Americana singer-songwriter Aoife O’Donovan will perform at the Symphony in the Flint Hills concert this year. Tickets for the June 9 concert go on sale at 10 a.m. Saturday, March 3.
“We are really excited to have her,” says Christy Davis, executive director of the iconic event. "She will be a great fit for the Kansas City Symphony. She is classically trained but she’s an Americana artist. I had an opportunity to hear her live some time ago, and I was just blown away."
O’Donovan is well-known among progressive bluegrass fans as founder and lead singer for “Crooked Still.” She is currently touring with the trio “I’m With Her,” which includes Sara Watkins of Grammy-winning Nickel Creek, and Sarah Jarosz, a Grammy-nominated singer-songwriter from Texas.
O’Donovan sang on cellist Yo-Yo Ma's “The Goat Rodeo Sessions,” and has performed with the Boston Pops Orchestra and the Utah Symphony Orchestra. Her songs have been featured on television soundtracks including HBO’s True Blood. And Allison Krauss recorded her song "Lay My Burden Down" on her 2011 album "Paper Airplane."
“Our music committee and the Symphony will work with her on a program,” Davis adds. “Usually with a guest artist, we work with some of their work which is orchestrated.”
Symphony in the Flint Hills, which draws about 7,000 music lovers each year, will take place June 9. The daylong event rotates between new and old sites in the large expanse of tallgrass prairie. This year, it will return to the 2014 site, Rosalia Ranch in Butler County.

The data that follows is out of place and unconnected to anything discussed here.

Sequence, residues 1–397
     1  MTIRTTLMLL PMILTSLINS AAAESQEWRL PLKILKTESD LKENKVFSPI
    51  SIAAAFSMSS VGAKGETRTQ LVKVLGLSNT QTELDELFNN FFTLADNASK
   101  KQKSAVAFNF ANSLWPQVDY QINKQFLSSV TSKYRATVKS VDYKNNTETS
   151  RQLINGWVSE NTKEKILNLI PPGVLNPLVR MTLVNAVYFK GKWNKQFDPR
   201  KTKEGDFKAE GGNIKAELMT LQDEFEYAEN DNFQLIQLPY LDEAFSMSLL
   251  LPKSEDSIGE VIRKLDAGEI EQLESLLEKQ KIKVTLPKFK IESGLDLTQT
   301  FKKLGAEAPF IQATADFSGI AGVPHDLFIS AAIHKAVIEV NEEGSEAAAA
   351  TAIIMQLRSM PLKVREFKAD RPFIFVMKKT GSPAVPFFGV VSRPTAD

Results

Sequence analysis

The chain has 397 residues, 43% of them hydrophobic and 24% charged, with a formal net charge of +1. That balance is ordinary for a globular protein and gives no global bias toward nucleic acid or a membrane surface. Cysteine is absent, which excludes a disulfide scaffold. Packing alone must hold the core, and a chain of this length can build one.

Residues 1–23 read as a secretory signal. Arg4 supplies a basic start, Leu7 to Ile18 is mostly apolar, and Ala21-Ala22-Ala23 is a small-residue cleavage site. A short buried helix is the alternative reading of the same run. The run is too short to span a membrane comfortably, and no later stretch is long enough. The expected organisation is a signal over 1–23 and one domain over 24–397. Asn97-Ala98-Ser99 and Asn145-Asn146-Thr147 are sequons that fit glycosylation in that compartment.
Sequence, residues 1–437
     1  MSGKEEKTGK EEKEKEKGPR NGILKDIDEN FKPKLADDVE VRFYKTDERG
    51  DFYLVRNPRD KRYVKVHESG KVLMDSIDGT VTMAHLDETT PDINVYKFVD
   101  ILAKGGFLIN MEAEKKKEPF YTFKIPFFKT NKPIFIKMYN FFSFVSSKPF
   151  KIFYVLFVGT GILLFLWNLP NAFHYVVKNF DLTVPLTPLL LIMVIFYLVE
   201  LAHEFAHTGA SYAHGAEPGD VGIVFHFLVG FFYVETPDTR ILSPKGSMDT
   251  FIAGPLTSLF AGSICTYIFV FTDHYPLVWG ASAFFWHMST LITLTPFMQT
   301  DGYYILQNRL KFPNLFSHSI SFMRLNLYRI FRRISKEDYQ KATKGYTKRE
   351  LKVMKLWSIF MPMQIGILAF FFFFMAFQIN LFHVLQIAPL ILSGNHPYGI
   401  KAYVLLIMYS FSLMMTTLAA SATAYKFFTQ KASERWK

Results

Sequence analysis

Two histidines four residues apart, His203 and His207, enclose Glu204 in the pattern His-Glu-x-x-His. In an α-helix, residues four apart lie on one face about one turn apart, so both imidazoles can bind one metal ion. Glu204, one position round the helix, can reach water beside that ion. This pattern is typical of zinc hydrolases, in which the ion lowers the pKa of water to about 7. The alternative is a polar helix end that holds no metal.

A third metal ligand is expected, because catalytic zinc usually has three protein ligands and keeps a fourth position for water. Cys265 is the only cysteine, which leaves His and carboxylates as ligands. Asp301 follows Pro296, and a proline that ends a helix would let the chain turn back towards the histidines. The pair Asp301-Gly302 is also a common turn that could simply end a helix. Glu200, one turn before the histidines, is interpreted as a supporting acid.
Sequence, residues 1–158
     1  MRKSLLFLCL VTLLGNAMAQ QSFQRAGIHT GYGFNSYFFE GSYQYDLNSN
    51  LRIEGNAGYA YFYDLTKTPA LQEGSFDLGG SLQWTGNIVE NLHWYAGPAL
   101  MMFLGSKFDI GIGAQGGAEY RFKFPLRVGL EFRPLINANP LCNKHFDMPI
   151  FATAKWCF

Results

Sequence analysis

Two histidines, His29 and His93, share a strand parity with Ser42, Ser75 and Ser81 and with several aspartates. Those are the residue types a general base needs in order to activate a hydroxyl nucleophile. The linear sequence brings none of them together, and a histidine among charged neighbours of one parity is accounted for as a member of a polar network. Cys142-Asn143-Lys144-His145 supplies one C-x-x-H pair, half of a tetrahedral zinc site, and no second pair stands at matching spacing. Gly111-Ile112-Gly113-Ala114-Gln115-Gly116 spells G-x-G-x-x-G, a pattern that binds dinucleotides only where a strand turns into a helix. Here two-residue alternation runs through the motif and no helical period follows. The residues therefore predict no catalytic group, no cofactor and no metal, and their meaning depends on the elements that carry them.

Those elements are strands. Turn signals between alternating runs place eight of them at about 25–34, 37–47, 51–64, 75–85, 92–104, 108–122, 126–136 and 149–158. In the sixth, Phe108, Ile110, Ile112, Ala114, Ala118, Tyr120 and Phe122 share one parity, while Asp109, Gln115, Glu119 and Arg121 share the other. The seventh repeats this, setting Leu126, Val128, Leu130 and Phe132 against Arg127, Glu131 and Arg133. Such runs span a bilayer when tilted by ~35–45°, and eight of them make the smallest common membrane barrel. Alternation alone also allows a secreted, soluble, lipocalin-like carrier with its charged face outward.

“It’s a favorite among everyone, including our board and myself, and it has great landowners and a great ranch manager,” says Davis. “The view is spectacular. And the community has been so supportive this year. We worked a lot with Butler County and El Dorado, and they have welcomed us with open arms.”
Rosalia Ranch is a 10,000-acre working ranch with about 12,000 cattle. It’s about 170 miles west of Kansas City.
Selection of the site usually begins with a visit to make sure it looks good and, in this case, that it has recovered from the last time it hosted the Symphony, Davis says. But that’s not usually an issue as the organizers go to great pains to prevent damage to the land ahead of time.
“There’s not a lot of ‘restoration’ that goes on,” she added. “It’s in how the setup happens. In 2015, when it was at the National Tallgrass Prairie Preserve, we didn’t have a tire move anywhere without plywood under it because it was a wet year, and it takes 70 to 80 semi truckloads to set up. We take a lot of measures up front.”
The daylong event includes prairie walks, covered wagon rides, story circle, poetry, inspirational talks, a juried art exhibit and auction and stargazing. There is also a Flint Hills store as well as food and beverage options.
The day ends with a sunset evening concert by the Kansas City Symphony, followed by a party and dance.
Symphony in the Flint Hills debuted in 2006 as a way to heighten appreciation and knowledge of the Flint Hills tallgrass prairie and has sold out every year since.
General admission tickets are $95. Tickets are $50 for children under 12. They can be purchased online or at the Livestock Exchange Building, 1600 Genessee, or the Great Plains Nature Center in Wichita starting at 10 a.m. on March 3 only.
For more information, visit the Symphony in the Flint Hills website or call 620-273-8955.